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Famine, now feast on the water front

The St. Louis River hit flood stage last weekend, quietly flowing over its banks at Scanlon before violently erupting through the Minnesota Power dam at Thomson/Carlton in dramatic fashion downstream.

According to the National Weather Service, the river was expected to crest at 11 feet, 6 inches in Scanlon just after midnight Saturday, before falling below flood stage (10 feet, 6 inches) by early Wednesday, May 18. The weather service called it "moderate" flooding.

Marcie Stohlberg, who owns the Knife Island Campground east of the river at Scanlon, called it higher than normal, but she's seen far worse.

Across the river from her campground, the river was creeping up the grassy lawn of the River Inn, and actually flowing through the nearby Minnesota Whitewater Rafting outbuilding and shed. Stolberg said she can remember water flowing through the rafting buildings at least 40 different times.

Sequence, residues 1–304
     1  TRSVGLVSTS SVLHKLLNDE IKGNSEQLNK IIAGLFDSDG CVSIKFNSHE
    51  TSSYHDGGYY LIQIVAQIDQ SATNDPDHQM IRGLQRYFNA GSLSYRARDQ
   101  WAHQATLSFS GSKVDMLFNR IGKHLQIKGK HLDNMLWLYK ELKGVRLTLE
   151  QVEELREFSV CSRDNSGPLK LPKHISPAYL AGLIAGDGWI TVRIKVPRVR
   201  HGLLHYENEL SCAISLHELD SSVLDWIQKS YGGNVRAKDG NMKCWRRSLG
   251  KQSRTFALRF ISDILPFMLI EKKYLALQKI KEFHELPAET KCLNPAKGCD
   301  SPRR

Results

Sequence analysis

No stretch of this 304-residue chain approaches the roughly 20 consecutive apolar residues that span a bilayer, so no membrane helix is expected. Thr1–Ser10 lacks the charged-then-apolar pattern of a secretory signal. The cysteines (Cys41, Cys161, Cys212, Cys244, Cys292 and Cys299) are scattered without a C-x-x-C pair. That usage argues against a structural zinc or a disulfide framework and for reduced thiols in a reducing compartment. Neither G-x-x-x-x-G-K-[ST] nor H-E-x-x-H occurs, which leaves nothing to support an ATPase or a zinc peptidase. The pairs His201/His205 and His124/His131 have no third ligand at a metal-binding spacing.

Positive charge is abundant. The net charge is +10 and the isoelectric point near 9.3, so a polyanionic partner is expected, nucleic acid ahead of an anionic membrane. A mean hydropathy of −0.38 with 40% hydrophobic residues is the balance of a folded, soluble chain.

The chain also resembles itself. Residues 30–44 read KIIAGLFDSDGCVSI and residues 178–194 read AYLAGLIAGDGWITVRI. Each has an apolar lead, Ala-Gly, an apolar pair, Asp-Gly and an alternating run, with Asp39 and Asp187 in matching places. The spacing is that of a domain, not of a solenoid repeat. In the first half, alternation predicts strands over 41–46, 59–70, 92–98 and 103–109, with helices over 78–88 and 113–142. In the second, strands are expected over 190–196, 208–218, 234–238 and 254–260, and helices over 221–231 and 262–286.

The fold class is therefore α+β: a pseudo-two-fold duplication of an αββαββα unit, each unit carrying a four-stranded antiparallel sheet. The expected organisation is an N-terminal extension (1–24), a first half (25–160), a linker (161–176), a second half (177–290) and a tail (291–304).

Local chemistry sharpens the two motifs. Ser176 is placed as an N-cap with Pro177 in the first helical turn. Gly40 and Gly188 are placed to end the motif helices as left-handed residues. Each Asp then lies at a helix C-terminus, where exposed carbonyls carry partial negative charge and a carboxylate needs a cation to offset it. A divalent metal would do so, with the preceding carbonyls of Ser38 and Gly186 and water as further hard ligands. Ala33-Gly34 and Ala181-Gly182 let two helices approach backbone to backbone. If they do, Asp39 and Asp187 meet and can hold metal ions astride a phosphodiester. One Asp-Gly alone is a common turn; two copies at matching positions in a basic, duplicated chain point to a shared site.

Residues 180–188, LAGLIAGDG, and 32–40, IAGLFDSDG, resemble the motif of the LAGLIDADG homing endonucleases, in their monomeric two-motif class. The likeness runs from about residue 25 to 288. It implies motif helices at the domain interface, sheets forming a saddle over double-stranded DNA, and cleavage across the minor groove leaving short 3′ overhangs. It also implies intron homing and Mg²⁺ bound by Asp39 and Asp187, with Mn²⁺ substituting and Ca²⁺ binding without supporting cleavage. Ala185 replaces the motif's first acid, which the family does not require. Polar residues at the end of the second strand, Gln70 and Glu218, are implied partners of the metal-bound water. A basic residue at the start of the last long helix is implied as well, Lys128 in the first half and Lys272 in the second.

"Anytime the water is high, the river is flowing through those buildings," she said.

She pointed to a bridge from her campground where the river water was flowing only a foot or two below the bridge deck. During last year's drought, the bridge crossed a nearly dry gully.

Stolberg said her campsites were still "high and dry" Sunday. She wasn't worried, but she was still keeping an eye on things. She knows what to look for.

"Anytime the water reaches this spot, I know it's going to fill the woods," she said, indicating a still-dry patch of grass between the campground driveway and the river.

The parking lot by the Thomson Dam was busy Sunday with people coming to check out the water flow and walk along the river and other nearby trails on one of the first really nice spring days.